resampling was originally developed to help analysts determine how much their
results might have changed if another random sample had been used instead and
how different the results might be when a model is applied to new data. Bootstrapping
has also gained an increasing popularity in the field of resampling small data
Bootstrapping is based on sampling with replacement to form a calibration set.
For the most popular variant, the 0.632 bootstrap, n times a sample is selected from n samples for the calibration set whereby the same sample can
be selected several times. Then, the samples, which were not picked, are used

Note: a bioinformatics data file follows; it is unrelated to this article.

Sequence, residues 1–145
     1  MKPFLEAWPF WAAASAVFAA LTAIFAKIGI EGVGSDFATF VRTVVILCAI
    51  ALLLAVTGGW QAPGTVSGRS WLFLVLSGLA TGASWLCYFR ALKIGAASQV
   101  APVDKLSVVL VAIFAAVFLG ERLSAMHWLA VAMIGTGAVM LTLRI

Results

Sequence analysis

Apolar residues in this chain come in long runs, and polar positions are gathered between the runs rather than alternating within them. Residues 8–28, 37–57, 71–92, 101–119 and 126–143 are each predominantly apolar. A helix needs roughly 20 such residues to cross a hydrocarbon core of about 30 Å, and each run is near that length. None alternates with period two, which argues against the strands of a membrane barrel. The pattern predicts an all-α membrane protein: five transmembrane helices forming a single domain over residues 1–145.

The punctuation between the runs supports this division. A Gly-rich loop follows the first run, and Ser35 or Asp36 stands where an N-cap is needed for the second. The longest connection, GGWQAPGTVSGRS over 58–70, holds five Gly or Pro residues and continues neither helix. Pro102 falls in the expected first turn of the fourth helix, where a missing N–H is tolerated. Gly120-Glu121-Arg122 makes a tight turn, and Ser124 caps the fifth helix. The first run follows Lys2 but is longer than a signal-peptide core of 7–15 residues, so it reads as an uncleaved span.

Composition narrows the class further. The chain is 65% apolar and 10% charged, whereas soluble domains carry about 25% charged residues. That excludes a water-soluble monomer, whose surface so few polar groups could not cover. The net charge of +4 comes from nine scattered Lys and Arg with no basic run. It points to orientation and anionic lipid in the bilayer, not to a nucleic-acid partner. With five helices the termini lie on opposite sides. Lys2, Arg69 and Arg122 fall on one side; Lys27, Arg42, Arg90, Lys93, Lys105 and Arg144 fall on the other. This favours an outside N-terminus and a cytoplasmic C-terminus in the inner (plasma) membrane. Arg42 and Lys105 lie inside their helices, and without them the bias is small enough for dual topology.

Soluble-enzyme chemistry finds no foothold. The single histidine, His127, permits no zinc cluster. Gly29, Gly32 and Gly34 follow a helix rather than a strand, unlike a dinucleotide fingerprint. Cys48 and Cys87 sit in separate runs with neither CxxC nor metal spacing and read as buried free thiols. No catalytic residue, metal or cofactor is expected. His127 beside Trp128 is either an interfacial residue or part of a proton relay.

for the test set. The chance that a particular sample is not picked for the
calibration set is:
the test set contains about 36.8% of the samples and the calibration set about
63.2% with some samples replicated in the calibration set. Bootstrapping is
not affected by asymptotic inconsistency and might be the best way of estimating
the error for very small data sets whereby the complete procedure can be repeated
arbitrarily often .